The second Black Census Project, which will close in October 2023, has already quadrupled in size since 2018
ATLANTA, Aug. 23, 2023 /PRNewswire/ — Today, the Black Futures Lab announced that it has reached a historic milestone in the Black Census Project survey, which will conclude in October 2023. With nearly 130,000 responses from across all 50 states gathered to date, this effort already marks the largest survey of Black people conducted in the United States, four times the size of the 2018 Black Census.
“Going into another presidential campaign season, we know that Black communities are still being undercounted and under-engaged,” said Alicia Garza, Founder and Principal of Black Futures Lab, who began designing the Black Census Project after the 2016 election. “It is critical that we engage Black communities early and often. Every day, policy is being made about us, without us. We launched the Black Census to transform that–we take the data from the Black Census and use it to inform a Black agenda that serves as a roadmap for policymakers and politicians on how to best address the needs of Black communities. The Black Census is historic and important—there is still time for you to join us and participate so that your voice can be heard.”
The Black Census Project, launched in 2018, engages communities that are typically under-represented in traditional surveys and policy making. The Black Census Project is collecting findings of Black attitudes and opinions across demographics and geography, including LGB+ communities, trans communities, incarcerated Black people, Black immigrant communities, and Black people in rural areas.
“Now more than ever, it is essential that Black trans people are seen, heard, and counted,” said Aria Sa’id, Founder Emeritus of the Transgender District. “Given all the attacks on trans rights, we know Black trans folks will be the most impacted. While our rights are being taken away and our communities are being targeted, very few people are talking to trans people about what we’re experiencing, and what support we need to live dignified lives. The Black Census does this and gets information from us about our needs and experiences, and what we want to see for our futures. The experiences of Black trans people matter, not just for us, but for all Black communities.”
Once the Black Census closes in October, Black Futures Lab will use the survey to design and release the Black Agenda 2024 in early 2024. The Black Agenda 2024 is a policy roadmap that will inform legislators nationwide of the key priorities of Black communities across America. It also will be used to activate and engage Black voters in advance of elections, encouraging Black communities to stay engaged and wield political power to inform, influence, and impact all institutions and decision-makers who are or should be engaging Black people.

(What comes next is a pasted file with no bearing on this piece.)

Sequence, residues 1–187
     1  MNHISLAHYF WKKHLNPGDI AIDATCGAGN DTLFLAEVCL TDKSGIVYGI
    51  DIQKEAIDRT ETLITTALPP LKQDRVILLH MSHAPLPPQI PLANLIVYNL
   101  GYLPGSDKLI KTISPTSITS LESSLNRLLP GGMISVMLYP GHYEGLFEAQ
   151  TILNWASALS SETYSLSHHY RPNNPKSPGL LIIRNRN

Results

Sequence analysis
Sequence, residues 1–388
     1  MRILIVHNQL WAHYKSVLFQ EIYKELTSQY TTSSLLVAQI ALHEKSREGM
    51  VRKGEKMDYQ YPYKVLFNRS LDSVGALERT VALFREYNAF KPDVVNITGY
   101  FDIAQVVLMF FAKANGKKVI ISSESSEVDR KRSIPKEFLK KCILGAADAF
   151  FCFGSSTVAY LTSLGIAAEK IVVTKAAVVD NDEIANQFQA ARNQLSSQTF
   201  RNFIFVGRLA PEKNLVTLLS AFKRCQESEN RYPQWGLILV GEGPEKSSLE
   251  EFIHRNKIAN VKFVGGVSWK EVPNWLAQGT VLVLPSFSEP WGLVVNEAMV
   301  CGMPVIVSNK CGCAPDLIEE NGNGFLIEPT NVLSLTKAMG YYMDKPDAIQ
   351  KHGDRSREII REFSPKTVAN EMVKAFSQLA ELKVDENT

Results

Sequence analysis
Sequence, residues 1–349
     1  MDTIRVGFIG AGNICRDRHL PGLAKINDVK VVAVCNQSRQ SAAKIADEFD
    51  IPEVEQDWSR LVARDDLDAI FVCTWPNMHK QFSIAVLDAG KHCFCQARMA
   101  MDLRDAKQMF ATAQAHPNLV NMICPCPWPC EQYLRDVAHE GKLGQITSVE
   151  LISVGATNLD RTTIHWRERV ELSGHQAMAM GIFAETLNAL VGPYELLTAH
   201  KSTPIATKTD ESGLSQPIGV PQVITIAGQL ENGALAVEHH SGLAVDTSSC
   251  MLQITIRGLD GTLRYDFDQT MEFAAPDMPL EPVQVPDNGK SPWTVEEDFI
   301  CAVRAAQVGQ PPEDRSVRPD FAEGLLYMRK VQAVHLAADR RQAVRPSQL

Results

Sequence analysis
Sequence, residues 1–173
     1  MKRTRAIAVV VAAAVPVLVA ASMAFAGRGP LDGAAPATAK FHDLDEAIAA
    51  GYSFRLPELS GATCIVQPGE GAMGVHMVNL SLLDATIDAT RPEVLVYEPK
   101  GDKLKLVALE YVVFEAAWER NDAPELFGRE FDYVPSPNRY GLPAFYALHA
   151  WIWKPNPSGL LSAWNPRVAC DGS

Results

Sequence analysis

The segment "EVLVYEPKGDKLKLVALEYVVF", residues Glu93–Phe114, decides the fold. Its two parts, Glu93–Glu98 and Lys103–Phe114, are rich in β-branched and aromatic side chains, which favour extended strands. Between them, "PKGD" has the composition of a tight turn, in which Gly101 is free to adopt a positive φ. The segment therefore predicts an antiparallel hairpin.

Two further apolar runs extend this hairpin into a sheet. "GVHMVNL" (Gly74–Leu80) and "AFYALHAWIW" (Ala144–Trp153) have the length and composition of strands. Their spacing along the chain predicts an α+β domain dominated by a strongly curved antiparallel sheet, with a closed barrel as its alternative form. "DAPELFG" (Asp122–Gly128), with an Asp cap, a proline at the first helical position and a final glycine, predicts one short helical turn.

“With the 2024 presidential elections right around the corner, and the first GOP debate kicking off tonight, we know Black votes matter; Black people do too,” said Angela Rye, Principal and CEO of IMPACT Strategies. “In order to be powerful in politics, Black people must curate, shape, and push our own political agenda—a Black agenda–and the Black Census Project equips us to do that. That is why this project is tremendously important.”
Over 30,000 Black people from across the country participated in the first Black Census Project in 2018. The Black Futures Lab used the results to identify pressing legislative and policy priorities, turning the survey into a national, state, and municipal policy platform to guide 2020 Presidential candidates as they devised strategies to earn the support of Black voters.
In 2022 and 2023, Black Futures Lab collaborated with more than 50 Black-led grassroots organizations, over a dozen national media partners, and Black influencers to reach more than 129,000 Black people across the country to date. A majority of respondents (64%) are from the South, 14% are from the Midwest, 13% are from the Northeast, and 10% are from the West. Nearly half (40%) of respondents are ages 60+; a quarter are 50-59, 17% are 40-49, 12% are 30-39, 4% are 25-29, and 4% are 18-24. Initial findings show the top three issues for Black people are:
- Low wages that are not enough to sustain a family: 39%
- Gun violence: 32%
- Schools that fail to prepare children adequately: 32%
“This is the largest survey of Black people in American history—there is nothing else that comes close,” said Michael Harriot, writer and author of Black AF History: The Un-Whitewashed Story of America. “This is a way for people to actually know what Black voters want, and what Black voters are concerned about. It also has historical significance and gives us the ability to dispel myths about Black people with real data.”
Personally identifiable information will not be collected, and all participants can opt into becoming a part of the Black Futures Lab supporter community. Some participants who complete the survey (at BlackCensus.org) will be eligible to receive a $20 gift card.
About the Black Futures Lab
Black Futures Lab works with Black people to transform our communities, building Black political power, and changing the way that power operates—locally, statewide, and nationally. We work to understand the dynamics impacting our communities, we build the capacity of our communities to govern, and we engage and include Black people in the decisions that impact our lives. Our mission is to engage Black communities year-round, using our political strength to stop corporate influences from creeping into public policies, and combining technology and traditional organizing methods to reach Black people anywhere and everywhere we are. blackfutureslab.org
SOURCE Black Futures Lab